<p>To do it objectively, here's how the branches compare in admission standards according to the 2009 common data sets for each. You can see how far the numbers drop from PSU-main for each branch.</p>

<p>The numbers following the branch's name are in the following order:</p>

<p>% applicants admitted, SAT 25-75 percentile, Top 10% of H.S. class, average GPA</p>

<p>University Park (main): 51.6%, 1630-1940, 49.82%, 3.55
Abington: 84.3%, 1240-1580, 6.18%, 2.98
Altoona: 87.5%, 1340-1650, 6.19%, 3.04
Beaver: 93%, 1240-1570, 6.19%, 2.91
Berks: 83.5%, 1330-1640, 6.08%, 2.97
Brandywine: 85.3%, 1260-1600, 8.25%, 2.96
Dubois: 91.8%, 1200-1510, 4.52%. 2.83
Erie: 86.8%, 1380-1690, 14.1%, 3.21
Fayette: 92.5%, 1180-1530, 11.79%, 3.00
Greater Allegheny: 86.1%, 1180-1570, 9.09%, 2.85
Harrisburg: 86.2%, 1360-1690, 9.83%, 3.08
Hazelton: 91.9%, 1200-1550, 7.54%, 2.33
Lehigh Valley: 93.6%, 1260-1610, 7.91%, 2.81
Mont Alto: 90%, 1230-1580, 9.28%, 2.93
New Kensington: 88.7%, 1260-1580, 7.24%, 2.87
Schuykill: 85.7%, 1100-1430, 5.4%, 2.74
Shenango: 77.3%, 1210-1520, 2.68%, 2.86
Wilkes-Barre: 91%, 1260-1590, 4.42%, 2.95
Worthington Scranton: 88.7%, 1190-1520, 3.76%, 2.83
York: 87.4%, 1265-1625, 8.46%, 2.91</p>

<p>Just for interest, and because PSU never reports this, the numbers across the entirety of Penn State are below. (weighted appropriately for the number of students at university park and all the branches but not including numbers for their on-line World Campus or Penn Tech) </p>

<p>Applicants admitted: 72.3%
SAT 25-75 percentiles: 1427-1747
top 10% of HS class: 25.6%
average GPA: 3.20</p>

<p>@pierre0913: I was afraid you weren't joking. The concern isn't that the schools you mentioned or the Penn State branch campuses are "better" or "worse" per se, but whether they are adequate to get into a good law school.</p>

<p>@wgmcp101: That's some really useful hard data there. I figured the branch campuses weren't quite at the level of Main Campus, but I didn't realize just how far beneath Main Campus they were.</p>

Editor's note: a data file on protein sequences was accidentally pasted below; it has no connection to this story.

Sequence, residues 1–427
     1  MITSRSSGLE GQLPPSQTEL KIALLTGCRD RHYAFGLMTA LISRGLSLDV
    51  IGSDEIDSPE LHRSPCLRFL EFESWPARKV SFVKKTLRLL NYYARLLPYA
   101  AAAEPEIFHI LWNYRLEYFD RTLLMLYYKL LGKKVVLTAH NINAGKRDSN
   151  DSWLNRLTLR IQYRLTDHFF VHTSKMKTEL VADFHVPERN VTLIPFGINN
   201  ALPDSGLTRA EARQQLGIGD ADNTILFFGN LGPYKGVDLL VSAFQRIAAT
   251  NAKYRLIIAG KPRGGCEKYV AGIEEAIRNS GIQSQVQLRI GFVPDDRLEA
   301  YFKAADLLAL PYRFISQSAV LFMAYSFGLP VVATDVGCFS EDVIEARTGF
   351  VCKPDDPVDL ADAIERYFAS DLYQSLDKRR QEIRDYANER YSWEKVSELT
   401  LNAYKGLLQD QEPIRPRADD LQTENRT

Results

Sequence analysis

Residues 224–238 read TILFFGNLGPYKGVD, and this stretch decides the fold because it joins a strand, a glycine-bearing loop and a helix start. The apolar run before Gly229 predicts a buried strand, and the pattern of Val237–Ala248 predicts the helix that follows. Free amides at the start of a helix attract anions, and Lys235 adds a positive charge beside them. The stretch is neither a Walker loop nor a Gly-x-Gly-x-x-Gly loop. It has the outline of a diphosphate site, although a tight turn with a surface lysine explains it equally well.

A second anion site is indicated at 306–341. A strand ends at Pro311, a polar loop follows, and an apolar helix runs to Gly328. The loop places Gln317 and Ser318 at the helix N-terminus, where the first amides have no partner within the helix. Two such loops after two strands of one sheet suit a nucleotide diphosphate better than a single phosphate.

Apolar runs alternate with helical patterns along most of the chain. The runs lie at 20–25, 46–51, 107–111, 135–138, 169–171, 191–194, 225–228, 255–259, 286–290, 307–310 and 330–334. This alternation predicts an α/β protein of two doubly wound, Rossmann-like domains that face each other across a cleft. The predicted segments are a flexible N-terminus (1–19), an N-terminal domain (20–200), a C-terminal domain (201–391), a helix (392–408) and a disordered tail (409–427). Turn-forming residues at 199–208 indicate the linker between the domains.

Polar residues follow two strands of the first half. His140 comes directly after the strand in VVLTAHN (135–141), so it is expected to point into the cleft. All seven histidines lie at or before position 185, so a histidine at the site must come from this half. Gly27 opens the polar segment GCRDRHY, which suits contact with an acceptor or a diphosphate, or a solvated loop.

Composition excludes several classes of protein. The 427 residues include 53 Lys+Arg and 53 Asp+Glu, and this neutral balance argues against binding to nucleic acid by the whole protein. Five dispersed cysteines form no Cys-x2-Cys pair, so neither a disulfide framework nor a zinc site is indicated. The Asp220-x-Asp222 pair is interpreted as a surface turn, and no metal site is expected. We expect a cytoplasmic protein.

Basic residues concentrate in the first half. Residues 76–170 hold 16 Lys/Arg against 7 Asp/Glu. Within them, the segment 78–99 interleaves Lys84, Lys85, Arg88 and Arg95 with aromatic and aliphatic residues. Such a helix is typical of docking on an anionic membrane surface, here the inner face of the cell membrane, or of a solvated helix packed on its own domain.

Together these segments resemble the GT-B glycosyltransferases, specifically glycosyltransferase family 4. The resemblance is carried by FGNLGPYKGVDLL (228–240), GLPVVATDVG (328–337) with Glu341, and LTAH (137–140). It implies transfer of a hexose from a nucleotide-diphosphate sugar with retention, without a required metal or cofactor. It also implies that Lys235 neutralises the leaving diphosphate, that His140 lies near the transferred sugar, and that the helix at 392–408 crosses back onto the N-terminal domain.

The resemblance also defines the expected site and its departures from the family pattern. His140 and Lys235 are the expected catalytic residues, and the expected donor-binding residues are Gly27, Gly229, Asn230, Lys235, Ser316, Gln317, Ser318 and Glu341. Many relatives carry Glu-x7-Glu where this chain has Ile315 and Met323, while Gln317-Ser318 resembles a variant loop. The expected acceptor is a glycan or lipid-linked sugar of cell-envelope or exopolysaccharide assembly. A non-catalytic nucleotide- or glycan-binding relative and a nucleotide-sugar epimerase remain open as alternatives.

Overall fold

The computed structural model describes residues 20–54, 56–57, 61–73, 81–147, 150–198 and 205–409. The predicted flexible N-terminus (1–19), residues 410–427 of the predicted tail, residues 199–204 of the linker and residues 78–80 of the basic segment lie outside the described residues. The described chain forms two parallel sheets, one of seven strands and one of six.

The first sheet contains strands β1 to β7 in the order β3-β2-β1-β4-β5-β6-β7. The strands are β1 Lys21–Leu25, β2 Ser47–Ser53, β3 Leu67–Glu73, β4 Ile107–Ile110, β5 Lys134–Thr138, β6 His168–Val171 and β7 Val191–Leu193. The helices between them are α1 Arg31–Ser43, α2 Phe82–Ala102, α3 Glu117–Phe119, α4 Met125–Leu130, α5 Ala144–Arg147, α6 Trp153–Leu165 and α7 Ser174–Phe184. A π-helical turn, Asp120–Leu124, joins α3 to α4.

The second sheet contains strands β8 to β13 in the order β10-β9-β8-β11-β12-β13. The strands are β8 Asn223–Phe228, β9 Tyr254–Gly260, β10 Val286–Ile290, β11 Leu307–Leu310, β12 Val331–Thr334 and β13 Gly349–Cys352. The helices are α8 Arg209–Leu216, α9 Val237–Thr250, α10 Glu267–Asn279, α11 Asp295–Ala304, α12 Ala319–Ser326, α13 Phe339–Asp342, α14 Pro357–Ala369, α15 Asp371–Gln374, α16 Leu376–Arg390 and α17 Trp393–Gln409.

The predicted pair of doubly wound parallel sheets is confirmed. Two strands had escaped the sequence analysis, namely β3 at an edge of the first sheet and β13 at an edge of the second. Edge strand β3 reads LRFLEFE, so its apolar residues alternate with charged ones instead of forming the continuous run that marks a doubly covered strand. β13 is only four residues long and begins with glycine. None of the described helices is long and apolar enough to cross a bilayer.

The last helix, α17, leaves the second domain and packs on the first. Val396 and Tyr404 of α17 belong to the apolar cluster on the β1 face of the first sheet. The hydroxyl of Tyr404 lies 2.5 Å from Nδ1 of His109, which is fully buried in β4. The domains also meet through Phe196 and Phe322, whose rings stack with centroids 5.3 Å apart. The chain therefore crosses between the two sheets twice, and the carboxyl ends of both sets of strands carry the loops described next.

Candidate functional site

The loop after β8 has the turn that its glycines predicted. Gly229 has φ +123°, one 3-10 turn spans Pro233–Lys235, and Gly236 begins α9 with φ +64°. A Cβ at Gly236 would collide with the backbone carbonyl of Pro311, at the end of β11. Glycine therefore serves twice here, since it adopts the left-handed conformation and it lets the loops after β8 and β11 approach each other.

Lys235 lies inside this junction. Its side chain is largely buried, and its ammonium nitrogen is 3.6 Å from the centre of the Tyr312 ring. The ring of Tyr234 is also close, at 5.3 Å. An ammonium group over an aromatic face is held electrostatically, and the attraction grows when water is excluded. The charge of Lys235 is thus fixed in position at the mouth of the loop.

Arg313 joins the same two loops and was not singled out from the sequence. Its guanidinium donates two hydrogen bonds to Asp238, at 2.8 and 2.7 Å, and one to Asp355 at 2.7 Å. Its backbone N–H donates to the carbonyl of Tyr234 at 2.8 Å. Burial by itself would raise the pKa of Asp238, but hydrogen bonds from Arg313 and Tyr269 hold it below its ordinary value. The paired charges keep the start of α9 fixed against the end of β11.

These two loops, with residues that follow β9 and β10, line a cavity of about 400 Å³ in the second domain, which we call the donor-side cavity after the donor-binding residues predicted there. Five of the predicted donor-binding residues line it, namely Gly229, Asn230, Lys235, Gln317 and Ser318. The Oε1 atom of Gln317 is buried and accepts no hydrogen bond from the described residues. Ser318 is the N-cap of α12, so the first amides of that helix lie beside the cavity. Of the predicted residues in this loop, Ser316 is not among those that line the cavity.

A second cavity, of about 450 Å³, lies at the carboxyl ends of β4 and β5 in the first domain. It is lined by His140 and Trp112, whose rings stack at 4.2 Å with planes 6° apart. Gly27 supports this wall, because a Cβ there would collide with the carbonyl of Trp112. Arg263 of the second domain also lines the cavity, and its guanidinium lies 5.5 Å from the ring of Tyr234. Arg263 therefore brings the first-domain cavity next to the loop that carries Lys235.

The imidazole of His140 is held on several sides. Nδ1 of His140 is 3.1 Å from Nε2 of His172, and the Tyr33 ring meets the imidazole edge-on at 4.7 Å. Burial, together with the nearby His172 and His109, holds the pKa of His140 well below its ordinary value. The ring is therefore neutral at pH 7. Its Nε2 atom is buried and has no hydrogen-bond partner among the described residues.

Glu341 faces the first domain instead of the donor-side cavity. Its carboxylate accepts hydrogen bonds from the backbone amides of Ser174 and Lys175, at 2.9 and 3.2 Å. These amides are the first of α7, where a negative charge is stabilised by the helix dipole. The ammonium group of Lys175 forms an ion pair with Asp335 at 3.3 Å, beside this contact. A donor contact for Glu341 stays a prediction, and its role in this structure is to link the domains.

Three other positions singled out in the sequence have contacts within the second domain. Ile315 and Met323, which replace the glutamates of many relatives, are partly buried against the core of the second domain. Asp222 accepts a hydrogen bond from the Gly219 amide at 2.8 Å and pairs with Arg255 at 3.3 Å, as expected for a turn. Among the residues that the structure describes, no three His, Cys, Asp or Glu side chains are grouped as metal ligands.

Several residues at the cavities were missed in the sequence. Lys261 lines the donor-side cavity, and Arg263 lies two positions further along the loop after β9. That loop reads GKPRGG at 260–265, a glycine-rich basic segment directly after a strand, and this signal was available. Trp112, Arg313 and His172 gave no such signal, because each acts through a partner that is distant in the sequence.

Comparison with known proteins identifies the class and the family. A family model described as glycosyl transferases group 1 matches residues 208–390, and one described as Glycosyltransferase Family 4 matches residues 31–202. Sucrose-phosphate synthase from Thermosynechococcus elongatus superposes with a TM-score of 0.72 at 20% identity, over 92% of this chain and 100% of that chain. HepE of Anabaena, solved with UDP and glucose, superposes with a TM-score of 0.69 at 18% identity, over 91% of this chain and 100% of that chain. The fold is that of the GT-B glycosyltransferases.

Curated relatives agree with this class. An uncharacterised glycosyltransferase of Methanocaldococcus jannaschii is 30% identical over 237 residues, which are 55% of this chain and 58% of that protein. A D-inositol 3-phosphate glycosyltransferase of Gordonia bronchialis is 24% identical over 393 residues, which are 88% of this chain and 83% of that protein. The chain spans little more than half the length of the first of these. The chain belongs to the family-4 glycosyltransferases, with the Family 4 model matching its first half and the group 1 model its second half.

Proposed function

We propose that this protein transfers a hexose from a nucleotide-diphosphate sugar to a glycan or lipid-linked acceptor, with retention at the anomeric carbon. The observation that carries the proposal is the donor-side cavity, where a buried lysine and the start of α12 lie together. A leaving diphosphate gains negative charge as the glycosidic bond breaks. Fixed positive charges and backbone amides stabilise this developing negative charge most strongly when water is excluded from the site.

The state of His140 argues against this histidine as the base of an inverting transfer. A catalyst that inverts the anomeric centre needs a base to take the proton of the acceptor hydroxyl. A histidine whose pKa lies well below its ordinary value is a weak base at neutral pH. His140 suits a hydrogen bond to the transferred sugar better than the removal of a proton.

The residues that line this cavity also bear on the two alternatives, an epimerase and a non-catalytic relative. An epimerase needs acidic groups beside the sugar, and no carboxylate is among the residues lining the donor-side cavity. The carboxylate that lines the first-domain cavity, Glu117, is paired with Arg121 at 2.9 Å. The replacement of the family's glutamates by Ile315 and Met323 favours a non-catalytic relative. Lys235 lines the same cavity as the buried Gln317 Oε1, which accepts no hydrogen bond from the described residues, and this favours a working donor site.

<p>Is Temple significantly better than either the Penn State branch campuses or the schools pierre0913 listed? Thing is, this person is really hung up on whether he can commute from home. He has to pay for school himself, but I suspect he also doesn't qualify for much financial aid. It wouldn't be an easy commute to Temple, but it could be done. Or if he simply needs to come up with the money for better schools than are available within an easy commute from home, blunt honesty in that regard would be good too.</p>

<p>Hypothetical: Assume that someone has a composite GPA of 3.0 with an upward trend. Said person graduates from a school which is no better than Tier 3 (e.g., the 3.0 GPA wasn't even at a top school.) Regardless, they manage to get a solid LSAT score. What kind of law schools can they realistically get into?</p>

<p>well I would think that if a school is better than the other, that would mean that they would be more than adequate to get into a good law school?</p>

<p>maybe my logic isn't right but that is what I'm thinking.</p>

<p>Temple's admission numbers are middle SAT: 1500-1810, 21% in to 10% of hs, and a 3.41 average GPA. I would say Temple generally has a better reputation than most of the above schools except PSU-main.</p>

<p>However, you are talking about Law School admissions and really need to seek advice of people with more expertise in that area than I have, and, if possible, particularly the law schools the person is interested in applying to in order to determine what criteria they value. As mentioned by someone else above, I would imagine law admission is going to come down mostly to your LSATs and college transcript (GPA).</p>